5 Destinations with Ideal Weather Year-Round

Scandinavians have an old saying that there’s no such thing as bad weather, just bad clothing. It may be true. Still, it’s no fun to tent camp in a monsoon or crash in a cabin sans AC in the middle of a heat wave. For that reason, it’s nice to know about camper-friendly destinations with a minimal risk of running into extreme highs or lows or massive amounts of precipitation. There’s enough to worry about when camping such as compiling the perfect packing list (and not forgetting anything on it), finding ways to save at the pump and how to keep the kids entertained. Why add weather to the list? If you need places where you know you can camp with agreeable temps and a high chance of blue skies, here are five destinations with ideal weather, year-round.

San Diego California skyline and bay at dusk


Whether or not you agree with its nickname, “America’s Finest City,” it’s hard to argue that San Diego doesn’t have pretty decent weather, 365 days a year. On average, the daily temperature is 72°F and even the wettest month (January) only sees about 2.11 inches of rain. The city’s comfortable climate is why its new bucket-list worthy outdoor music venue, The Rady Shell at Jacobs Park, is open year-round. Grab your camp chairs and some cold beverages (even the coldest month of December only gets down to the low 50°s) and catch a concert right on the bay.


Perhaps the most common misconception people have about Denver is that it’s cold and covered in snow. Just because the Mile High City is at a high elevation, doesn’t mean its winters aren’t mild, for Colorado at least. Residents enjoy 300 days of sunshine each year, and with annual precipitation maxing out at 15 inches, you don’t really need to worry about downpours or dumping snow. In fact, golf courses and restaurants with outdoor dining stay open year-round. Whatever season you visit, try to make time to check out the themed gardens at the beloved Denver Botanic Gardens.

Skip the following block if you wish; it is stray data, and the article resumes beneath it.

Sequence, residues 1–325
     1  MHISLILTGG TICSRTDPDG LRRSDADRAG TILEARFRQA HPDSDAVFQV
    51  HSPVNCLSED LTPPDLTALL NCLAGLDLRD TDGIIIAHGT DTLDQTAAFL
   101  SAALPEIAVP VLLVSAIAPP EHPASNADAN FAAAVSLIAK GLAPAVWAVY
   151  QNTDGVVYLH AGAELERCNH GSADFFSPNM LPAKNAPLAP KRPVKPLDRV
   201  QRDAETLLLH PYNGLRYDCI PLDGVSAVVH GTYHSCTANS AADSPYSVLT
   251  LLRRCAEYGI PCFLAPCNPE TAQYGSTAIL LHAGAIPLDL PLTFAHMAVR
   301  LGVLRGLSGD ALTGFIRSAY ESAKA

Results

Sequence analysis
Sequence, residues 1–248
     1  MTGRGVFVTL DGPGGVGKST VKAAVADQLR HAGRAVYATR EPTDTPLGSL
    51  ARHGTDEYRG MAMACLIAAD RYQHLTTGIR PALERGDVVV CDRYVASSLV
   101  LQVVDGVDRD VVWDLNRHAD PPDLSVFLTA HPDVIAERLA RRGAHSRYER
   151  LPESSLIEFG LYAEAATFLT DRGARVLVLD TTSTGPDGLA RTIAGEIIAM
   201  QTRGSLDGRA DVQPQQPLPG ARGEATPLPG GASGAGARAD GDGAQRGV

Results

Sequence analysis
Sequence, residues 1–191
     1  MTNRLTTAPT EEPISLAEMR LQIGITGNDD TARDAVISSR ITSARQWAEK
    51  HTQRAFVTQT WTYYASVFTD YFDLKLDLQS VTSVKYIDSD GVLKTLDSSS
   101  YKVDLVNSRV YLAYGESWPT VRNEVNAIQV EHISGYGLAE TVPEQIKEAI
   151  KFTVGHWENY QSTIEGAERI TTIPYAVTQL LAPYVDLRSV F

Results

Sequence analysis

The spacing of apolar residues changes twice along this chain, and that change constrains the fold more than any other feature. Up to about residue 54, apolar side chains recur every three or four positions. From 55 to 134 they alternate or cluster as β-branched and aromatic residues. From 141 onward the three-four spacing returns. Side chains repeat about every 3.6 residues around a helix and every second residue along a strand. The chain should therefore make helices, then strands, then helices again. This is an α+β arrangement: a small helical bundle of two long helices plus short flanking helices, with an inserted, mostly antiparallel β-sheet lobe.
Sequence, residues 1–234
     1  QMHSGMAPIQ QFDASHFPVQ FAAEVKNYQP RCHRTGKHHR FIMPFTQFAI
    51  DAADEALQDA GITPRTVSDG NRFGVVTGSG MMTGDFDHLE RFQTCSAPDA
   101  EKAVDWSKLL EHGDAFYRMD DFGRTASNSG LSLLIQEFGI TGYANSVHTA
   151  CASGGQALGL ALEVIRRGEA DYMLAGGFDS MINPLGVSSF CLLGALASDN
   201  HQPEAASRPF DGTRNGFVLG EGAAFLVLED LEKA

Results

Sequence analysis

Most U.S. cities are lucky if they see 200 days of sunshine per year. Santa Fe sees, on average, 325. Despite being in the southwest, summers aren’t the scorchers they are in cities like Phoenix and Las Vegas. Even in July and August the thermometer seldom reaches the 90°s. It helps that Santa Fe is at 7,198 feet (making it the highest U.S. capital city). Despite its elevation, winters aren’t absolutely brutal either. Expect average daily temperatures in the 40°s and enough fresh powder (300 inches in the mountains), to get in some great runs (rent gear from Cottam’s) at Ski Santa Fe.

Crater Lake, Oregon, USA.


This idyllic community of 22,000 claims to be the Beaver State’s sunniest city. Nicknamed the “City of Sunshine,” Klamath Falls receives 300 days of sun per year. Because it’s located east of the Cascades, it doesn’t receive the rainy, gray weather coastal Oregon is known for. Whereas Portland sees 37 inches of rain each year, Klamath Falls gets about 13 inches. Winters are cold (think highs in the 40°s) and summers are warm (90°s, but it’s a dry heat); however,  you’ll usually have blue skies. Don’t miss visiting Crater Lake National Park while you’re in town. It’s just an hour’s drive north.


Billed as the “Gibraltar of the Pacific” because of its massive volcanic rock rising up out of the ocean, Morro Bay is blessed with miles of pristine beaches and 12 months of mild weather. Even in July and August temperatures seldom exceed 75°, and in the winter, you’ll be hard pressed to find temperatures dipping below the 40°s, even at night. While Morro Bay is famous for its fog (Foghorn Brewhouse is popular with the locals), it does tend to clear up most days. In fact, according to, Morro Bay sees 284 days of sun each year.